Markets

French grain production continues slide

Grain Brokers Australia, June 14, 2022

Barley just prior to harvest, growing in France. Photo: Emmanuel Bonnin

PARCHED soils and record heat conditions are quickly eroding this season’s grain production prospects in France, adding to grain supply woes across the globe. The state of the wheat crop in the European Union’s top producer deteriorated for a sixth consecutive week when crop ratings were released last Friday.

Cooler temperatures and scattered rains may have returned in some regions, bringing relief for crops and stabilising the production outlook in many regions, but the yield potential of this year’s harvest has already been severely dented for many crops, especially those planted into shallow, poorer quality soils.

And adding to the production anguish, heavy hail, strong winds and torrential rain caused havoc across France on June 3-5, with damage to grain crops reported in 65 of the country’s 101 departments. Isolated farms reported damage at 100 per cent. Some areas saw a month’s worth of rain in just 12 hours and hail stones up to 8 centimetres in diameter. Around 50,000 lightning strikes were recorded in one 24-hour period, with wind gusts to 106 kilometres per hour recorded.

France’s farm agency FranceAgriMer estimated 66pc of the French soft wheat crop was in good-to-excellent condition as at June 6, against 67pc the previous week and 81pc in the first week of June last year. The durum wheat rating was lower at 62pc good to excellent, down from 64pc a week earlier and 70pc last year.

Last week’s drop may have been small, but the country’s wheat condition ratings have fallen by 25pc since the beginning of May, when the crop was ticking along nicely at the best condition rating score for early May in the past seven years.

Agricultural consulting agency Stratégie Grains forecasts French wheat production to fall by more than 5pc this season, but further downgrades are possible. Trade estimates support this view, with most pegging the wheat crop in the 33-34 million tonne (Mt) range compared to 35.5Mt last year.

Spring barley in trouble

FranceAgriMer’s winter barley ratings are similar to those of wheat, with 64pc in the good-to-excellent category compared to 65pc the previous week and 76pc in 2021. However, the spring barley is in much worse condition, with 53pc of the crop falling into the top two categories, down 1pc week-on-week but considerably worse than the 86pc good to excellent in the same week in 2021.

It said winter barley harvest had commenced earlier than usual due to the heat and persistent dry conditions, but progress was minimal at this stage, and no quality trends were available, and expects a 0.4pc rise in production this season to 8.25Mt, with a 70,000-hectare increase in area offsetting an anticipated decrease in yield from 6.85t/ha to 6.5t/ha.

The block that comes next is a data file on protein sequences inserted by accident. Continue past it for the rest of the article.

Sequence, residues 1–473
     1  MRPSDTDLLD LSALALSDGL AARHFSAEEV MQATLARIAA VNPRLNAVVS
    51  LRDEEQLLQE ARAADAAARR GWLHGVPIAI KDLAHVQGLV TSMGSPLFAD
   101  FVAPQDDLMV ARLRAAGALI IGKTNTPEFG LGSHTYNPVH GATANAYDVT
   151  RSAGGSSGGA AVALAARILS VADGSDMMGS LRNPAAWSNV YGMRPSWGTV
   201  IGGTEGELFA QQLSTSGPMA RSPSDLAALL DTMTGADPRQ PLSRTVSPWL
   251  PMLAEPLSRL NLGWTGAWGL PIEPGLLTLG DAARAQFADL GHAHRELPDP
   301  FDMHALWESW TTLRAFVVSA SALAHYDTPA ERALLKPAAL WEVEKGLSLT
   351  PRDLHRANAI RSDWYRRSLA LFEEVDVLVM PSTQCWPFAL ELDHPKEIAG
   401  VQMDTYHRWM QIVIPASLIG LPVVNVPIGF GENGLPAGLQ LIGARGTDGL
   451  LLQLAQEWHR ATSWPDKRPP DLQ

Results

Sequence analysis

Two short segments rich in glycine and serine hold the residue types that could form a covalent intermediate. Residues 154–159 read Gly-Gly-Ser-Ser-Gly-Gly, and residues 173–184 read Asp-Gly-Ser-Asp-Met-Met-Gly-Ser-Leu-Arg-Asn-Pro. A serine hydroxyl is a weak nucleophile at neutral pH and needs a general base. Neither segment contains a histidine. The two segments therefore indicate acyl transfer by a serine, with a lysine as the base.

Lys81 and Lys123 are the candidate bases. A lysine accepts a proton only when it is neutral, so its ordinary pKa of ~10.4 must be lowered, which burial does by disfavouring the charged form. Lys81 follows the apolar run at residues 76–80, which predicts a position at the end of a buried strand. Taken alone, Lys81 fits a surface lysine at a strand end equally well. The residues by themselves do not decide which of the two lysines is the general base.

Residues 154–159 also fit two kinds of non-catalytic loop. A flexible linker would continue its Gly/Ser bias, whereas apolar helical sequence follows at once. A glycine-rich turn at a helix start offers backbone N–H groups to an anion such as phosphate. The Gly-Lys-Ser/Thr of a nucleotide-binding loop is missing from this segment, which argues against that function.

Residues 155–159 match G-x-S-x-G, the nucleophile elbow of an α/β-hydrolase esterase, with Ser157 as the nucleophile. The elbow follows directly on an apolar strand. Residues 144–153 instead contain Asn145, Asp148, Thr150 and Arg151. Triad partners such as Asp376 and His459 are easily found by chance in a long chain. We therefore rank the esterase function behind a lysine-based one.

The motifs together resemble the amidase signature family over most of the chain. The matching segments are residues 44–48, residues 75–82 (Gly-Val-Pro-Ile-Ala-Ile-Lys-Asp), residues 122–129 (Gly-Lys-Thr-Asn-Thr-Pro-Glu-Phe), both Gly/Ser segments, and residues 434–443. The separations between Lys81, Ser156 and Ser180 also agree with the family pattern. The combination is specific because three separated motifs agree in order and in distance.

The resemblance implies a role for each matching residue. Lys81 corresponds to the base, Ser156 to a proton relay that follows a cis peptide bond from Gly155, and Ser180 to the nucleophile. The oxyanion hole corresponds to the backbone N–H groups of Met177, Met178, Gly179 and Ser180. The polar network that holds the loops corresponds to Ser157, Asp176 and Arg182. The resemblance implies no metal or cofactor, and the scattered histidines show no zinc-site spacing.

Rapeseed in better shape

FranceAgriMer forecasts the 2022-23 winter rapeseed crop at 3.87Mt, a year-on-year increase of 17.8pc. While the crop conditions remain relatively good overall, the drought conditions across much of the country have affected yield potential. The recent rains will have minimal impact on rapeseed production as the crop is now made in most regions.

Stratégie Grains forecasts total European Union wheat production to fall this harvest by almost 5pc, or 6.1Mt to 124.4Mt. In addition to the drought conditions in France, prolonged dryness and high temperatures this spring have decreased wheat production forecasts for Spain, Romania and Hungary, partially offset by an increase in German output due to favourable rainfall and adequate soil moisture reserves.

It reduced its European Union wheat export forecast for 2022-23 (Jly-Jun) by 500,000t to 30.3Mt, citing weakening global demand due to higher prices and rising competition from North American and Russian exporters. Traders nonetheless expect strong demand for EU wheat in the upcoming 2022-23 season, with the availability of Ukrainian supplies problematic.

USDA estimates look overdone

However, the Stratégie Grains production estimate is significantly lower than the USDA’s latest cut, with the June World Agricultural Supply and Demand Estimates report pegging output at 136.1Mt. This is down from 136.5Mt in May but sits 3pc above the USDA’s five-year average of 132.7Mt. With the higher production number comes a higher export forecast, with USDA landing on 36Mt for the 2022-23 marketing year.

Stratégie Grains decreased its EU barley production estimate by 1.4Mt to 50.3Mt, against 2021-22 production of 52Mt. The fall was attributed to lower spring barley output. The crop was sown into poor soil moisture, and subsequent hot and dry weather made the plant’s reproduction task very difficult.

Like wheat, the USDA’s barley production forecast for the EU is higher than Stratégie Grains at 51.7Mt. The USDA did revise this down in last week’s update from its May forecast of 52.5Mt, reflecting the less-than-ideal spring conditions.

Damage to this year’s wheat and barley crops in western Europe leading to lower output will only add pressure to already strained global balance sheets, thanks to Russia’s invasion of Ukraine. The talks to open up Ukraine’s ports are a pipe dream at this stage, but a bigger Russian crop looks set to compensate in the export space in 2022-23.

 

 

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